South Kaibab-Bright Angel Loop — Page 12

Grand Canyon from Bright Angel Lodge

Finishing the Loop

Down the South Kaibab. Up the Bright Angel. Surely this hike, with its dazzling vistas and incomparable geologic diversity, ranks among the most extraordinary I've ever done.

Done in a day, it is also probably among the most dangerous hikes I've ever attempted. But why do it in a day? Add an overnight at Bright Angel Creek campground to better savor the canyon's many delights (including, of course, a steak dinner at Phantom Ranch).

Topping the Redwall Trail & Coconino Sandstone Indian Garden & Plateau Point Switchbacks & Shadows Grand Canyon - South Rim Andy Lewicky: Tired Grand Canyon Panorama

I've now progressed beyond the top of the Redwall Limestone layer. I can see a distant flag fluttering in the wind somewhere atop the rim.

It is heartening to see this evidence of civilization—though I have at least another hour of climbing to go. Shadow at last envelops the Bright Angel Trail. It feels wonderful to take off my hat and let my head—and body—begin to cool a bit.

The difference between hiking in direct sun versus hiking in shadow is striking. Around me, other hikers seem to come back to life. All of us breathe a collective sigh of relief.

A prolonged traverse northward, however, soon takes us back into the sun for another round of climbing. The cursed hat goes back on my head.

I'm high enough now to be well within range of the Bright Angel Trail's most casual day hikers. As they talk and laugh and snap photos, I crawl pitifully upward, my pace now seemingly slower than everyone else on the hill, young and old, thick and thin.

My pride doesn't like getting passed by others, but there's nothing I can do about it. My blood feels like sludge in my veins; my legs feel like stone. Slowly and steady may not win the day, but it will eventually get me to the rim, and that's what matters.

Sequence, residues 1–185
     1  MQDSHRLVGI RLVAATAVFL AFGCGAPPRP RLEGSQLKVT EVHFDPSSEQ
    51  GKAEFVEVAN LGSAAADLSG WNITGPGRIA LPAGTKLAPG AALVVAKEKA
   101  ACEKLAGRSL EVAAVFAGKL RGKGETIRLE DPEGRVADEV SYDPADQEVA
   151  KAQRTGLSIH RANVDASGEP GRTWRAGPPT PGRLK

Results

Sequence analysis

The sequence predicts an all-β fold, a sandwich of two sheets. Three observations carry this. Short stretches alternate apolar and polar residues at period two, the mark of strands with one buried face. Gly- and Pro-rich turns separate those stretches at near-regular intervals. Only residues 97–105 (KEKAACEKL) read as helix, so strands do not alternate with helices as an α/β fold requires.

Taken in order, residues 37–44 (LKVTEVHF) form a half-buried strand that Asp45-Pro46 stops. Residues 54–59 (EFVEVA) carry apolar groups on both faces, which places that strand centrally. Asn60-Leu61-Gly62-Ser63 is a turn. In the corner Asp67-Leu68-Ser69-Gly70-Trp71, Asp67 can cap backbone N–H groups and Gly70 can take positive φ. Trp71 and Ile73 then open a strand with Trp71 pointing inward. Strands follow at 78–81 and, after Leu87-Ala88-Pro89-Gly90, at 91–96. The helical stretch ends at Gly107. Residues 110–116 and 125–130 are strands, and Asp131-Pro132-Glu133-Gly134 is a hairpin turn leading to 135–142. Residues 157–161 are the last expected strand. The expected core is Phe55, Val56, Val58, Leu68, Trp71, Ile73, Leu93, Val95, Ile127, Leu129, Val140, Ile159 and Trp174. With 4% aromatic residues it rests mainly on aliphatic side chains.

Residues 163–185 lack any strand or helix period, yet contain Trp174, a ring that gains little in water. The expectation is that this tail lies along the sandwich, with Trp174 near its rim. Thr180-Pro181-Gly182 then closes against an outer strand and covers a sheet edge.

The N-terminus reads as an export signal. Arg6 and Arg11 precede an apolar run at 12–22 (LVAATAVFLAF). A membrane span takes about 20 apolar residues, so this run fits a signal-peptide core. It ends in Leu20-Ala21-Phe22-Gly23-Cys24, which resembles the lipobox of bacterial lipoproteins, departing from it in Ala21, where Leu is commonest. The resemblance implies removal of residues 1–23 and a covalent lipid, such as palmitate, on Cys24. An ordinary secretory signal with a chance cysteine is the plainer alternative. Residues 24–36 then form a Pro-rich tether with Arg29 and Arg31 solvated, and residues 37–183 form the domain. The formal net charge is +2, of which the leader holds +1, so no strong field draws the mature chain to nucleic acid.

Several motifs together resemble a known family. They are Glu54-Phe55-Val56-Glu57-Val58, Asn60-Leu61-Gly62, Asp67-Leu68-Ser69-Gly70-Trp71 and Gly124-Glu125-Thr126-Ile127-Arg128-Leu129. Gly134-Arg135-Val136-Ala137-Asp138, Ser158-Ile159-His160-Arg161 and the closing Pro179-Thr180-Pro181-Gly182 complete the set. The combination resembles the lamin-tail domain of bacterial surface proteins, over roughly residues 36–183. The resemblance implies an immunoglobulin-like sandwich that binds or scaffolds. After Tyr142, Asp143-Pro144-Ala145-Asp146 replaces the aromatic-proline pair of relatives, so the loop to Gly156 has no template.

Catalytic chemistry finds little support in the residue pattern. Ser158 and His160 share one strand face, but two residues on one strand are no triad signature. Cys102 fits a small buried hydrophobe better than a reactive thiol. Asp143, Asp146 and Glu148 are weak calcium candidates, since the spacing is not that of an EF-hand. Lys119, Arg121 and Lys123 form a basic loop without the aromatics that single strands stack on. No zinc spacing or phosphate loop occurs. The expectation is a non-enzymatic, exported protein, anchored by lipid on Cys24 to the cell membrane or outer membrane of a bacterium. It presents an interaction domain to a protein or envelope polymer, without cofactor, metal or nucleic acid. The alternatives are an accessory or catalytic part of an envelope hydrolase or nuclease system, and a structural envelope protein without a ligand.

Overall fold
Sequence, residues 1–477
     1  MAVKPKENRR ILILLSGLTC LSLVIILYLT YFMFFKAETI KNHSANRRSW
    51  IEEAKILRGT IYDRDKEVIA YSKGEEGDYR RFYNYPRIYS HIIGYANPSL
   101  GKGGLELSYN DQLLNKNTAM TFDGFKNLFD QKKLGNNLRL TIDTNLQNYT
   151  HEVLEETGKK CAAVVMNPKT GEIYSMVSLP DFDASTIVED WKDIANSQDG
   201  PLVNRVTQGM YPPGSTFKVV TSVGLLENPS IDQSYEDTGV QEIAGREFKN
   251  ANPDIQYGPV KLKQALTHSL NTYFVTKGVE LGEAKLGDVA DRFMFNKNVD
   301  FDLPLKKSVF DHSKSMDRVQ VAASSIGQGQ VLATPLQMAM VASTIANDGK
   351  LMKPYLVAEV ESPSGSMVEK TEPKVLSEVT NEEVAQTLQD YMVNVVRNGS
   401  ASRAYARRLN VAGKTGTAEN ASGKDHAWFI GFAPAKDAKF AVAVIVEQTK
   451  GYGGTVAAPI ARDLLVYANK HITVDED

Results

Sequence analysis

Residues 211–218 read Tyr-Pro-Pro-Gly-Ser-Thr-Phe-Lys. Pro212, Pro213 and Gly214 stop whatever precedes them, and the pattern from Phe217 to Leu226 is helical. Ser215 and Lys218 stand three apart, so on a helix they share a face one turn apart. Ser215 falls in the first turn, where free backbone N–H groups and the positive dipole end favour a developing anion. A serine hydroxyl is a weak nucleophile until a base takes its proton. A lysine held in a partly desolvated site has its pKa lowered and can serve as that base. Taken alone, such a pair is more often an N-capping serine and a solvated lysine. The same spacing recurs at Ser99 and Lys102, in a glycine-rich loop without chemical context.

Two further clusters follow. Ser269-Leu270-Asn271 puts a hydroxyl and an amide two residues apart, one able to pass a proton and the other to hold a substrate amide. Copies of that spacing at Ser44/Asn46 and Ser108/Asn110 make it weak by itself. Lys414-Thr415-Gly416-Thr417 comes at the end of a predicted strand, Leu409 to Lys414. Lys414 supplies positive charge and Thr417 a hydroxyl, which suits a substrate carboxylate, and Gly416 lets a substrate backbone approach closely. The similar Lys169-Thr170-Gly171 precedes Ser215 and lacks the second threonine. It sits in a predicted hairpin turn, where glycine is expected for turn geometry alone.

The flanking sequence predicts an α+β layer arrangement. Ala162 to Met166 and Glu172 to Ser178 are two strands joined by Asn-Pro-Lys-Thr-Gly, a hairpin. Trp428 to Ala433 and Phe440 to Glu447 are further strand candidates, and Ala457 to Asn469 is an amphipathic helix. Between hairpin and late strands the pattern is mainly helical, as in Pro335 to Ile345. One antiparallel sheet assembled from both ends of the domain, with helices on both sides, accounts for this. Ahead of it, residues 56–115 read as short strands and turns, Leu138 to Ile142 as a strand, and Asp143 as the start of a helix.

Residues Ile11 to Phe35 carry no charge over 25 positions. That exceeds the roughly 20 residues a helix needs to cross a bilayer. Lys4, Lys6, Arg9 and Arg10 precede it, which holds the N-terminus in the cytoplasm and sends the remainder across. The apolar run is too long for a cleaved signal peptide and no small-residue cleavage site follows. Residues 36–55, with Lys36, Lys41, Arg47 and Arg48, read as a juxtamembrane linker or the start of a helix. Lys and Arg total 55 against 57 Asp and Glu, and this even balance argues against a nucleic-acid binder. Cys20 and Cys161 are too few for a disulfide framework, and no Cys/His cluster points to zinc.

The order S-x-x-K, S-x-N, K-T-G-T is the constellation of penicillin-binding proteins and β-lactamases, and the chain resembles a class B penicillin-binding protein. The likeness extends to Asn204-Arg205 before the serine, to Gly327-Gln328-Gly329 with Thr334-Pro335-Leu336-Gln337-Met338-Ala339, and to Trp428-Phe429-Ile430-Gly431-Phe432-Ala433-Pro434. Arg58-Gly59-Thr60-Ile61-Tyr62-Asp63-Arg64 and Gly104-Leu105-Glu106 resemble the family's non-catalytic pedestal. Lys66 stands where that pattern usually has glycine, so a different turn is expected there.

In their book, Over the Edge: Death in Grand Canyon, Michael Ghiglieri and Tom Myers note an almost universal misconception among people who get rescued from the canyon: the belief that since so many people hike Grand Canyon each year, it's can't be that dangerous.

Indeed, the presence of other people is a known heuristic trap (Social Proof, I believe is the name of it). We see others doing it, so we think it's safe for us to do it, also.

And by the numbers, you're mostly going to be okay with that philosophy. Millions of people visit Grand Canyon every year.

Most of them turn out just fine, despite their occasional foolishness.

Then again, if we were to restrict the sample size to only those who hike all the way down to the river, the number of rescues per visits would no doubt rise considerably.

I think of it this way: the rules are different here. As hikers, outdoor enthusiasts, or just plain tourists, we come to the canyon with our own set of experiences and expectations, forged in other environments critically different in ways both subtle and not. Example: how many places do you know where thousands of people meander every day a few feet from unprotected five hundred foot drops?

There are no guardrails atop the vast majority of the canyon's cliffs, no locked gates preventing access beyond a certain deemed-safe depth. The rangers will try to talk some sense into you, if they can, but ultimately your safety is your own responsibility here. The canyon is truly a wild place, and for that it should be cherished—and respected.

I can see the top of the trail now, and Kolb Studio atop the rim. Looking back at the magnificent panorama opening up behind me, it seems almost impossible to believe I've traveled as far as I have today. Down Cedar Ridge. Across the Tonto. Into the Inner Gorge. Phantom Ranch. The River Trail. Devil's Corkscrew. Indian Garden and the Bright Angel.

Much as I need to rest, I'm already feeling reluctant to leave this greatest show on Earth. That's it: there's the sign at the trailhead. I snap a photo of myself. 5:15 p.m. Then it's a shaky-leg jitterbug across the parking lot to my car, and the day is done. I fish out my keys, and you know what? Something wells up in me. I feel myself being pulled back toward the canyon. As blasted as I am, I want to turn around right now and do it all over again.

Really...I do.

About SierraDescents

When there is snow, SierraDescents is Andy Lewicky's California backcountry skiing and mountaineering website. Without snow, sierradescents becomes an ill-tempered hiking and climbing blog.

Pray for snow.